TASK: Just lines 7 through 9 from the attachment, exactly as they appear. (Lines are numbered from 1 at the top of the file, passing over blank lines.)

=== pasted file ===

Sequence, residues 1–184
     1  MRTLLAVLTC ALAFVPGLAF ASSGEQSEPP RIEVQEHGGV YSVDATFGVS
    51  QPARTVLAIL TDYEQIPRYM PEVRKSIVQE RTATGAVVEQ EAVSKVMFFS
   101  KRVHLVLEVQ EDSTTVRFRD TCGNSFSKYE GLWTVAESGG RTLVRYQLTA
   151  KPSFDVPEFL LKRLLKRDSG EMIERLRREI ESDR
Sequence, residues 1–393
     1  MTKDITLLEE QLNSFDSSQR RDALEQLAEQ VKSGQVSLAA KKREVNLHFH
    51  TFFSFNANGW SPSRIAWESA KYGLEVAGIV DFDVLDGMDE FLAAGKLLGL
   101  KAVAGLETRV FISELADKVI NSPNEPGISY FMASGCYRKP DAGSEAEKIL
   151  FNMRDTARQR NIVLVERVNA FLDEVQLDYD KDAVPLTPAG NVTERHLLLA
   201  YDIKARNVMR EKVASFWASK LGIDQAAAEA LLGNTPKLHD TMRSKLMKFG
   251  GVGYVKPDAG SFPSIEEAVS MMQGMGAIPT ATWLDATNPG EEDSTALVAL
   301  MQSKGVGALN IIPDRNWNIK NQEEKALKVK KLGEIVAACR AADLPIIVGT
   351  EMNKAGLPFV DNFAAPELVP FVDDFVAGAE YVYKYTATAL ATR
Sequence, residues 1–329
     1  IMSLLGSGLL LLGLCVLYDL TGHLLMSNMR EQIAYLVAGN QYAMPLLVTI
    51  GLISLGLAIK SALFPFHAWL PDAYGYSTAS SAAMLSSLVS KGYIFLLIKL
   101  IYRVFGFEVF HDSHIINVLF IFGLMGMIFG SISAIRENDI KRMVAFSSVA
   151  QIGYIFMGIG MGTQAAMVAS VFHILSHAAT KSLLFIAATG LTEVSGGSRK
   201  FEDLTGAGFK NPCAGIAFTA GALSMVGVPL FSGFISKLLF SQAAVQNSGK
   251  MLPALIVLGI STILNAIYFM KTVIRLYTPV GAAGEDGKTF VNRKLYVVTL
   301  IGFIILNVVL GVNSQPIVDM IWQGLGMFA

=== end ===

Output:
     1  MTKDITLLEE QLNSFDSSQR RDALEQLAEQ VKSGQVSLAA KKREVNLHFH
    51  TFFSFNANGW SPSRIAWESA KYGLEVAGIV DFDVLDGMDE FLAAGKLLGL
   101  KAVAGLETRV FISELADKVI NSPNEPGISY FMASGCYRKP DAGSEAEKIL